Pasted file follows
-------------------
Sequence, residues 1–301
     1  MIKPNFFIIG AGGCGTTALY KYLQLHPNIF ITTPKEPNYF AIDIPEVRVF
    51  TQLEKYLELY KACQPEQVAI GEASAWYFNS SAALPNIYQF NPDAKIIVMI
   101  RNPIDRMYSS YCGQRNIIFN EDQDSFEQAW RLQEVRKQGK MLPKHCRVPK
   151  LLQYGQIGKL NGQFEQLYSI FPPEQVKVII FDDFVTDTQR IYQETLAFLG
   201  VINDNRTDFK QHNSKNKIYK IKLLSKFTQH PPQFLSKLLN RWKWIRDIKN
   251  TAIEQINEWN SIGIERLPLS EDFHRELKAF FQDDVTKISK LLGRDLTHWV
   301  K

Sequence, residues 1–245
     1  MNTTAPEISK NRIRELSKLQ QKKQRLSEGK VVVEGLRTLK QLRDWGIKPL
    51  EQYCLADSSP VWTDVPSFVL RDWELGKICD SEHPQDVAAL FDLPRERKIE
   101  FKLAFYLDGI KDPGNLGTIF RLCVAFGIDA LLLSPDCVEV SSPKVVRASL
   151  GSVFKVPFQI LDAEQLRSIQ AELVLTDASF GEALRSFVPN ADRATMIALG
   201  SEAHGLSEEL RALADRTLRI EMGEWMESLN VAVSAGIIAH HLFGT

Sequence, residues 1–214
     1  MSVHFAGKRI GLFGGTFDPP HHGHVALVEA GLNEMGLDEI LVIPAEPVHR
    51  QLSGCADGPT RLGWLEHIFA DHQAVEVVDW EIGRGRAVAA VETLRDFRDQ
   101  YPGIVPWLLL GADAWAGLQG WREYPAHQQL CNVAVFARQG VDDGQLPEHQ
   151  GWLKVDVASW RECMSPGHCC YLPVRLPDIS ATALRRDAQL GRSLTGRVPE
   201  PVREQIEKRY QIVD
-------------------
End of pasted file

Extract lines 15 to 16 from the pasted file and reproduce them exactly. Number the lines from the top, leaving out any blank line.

Sequence, residues 1–214
     1  MSVHFAGKRI GLFGGTFDPP HHGHVALVEA GLNEMGLDEI LVIPAEPVHR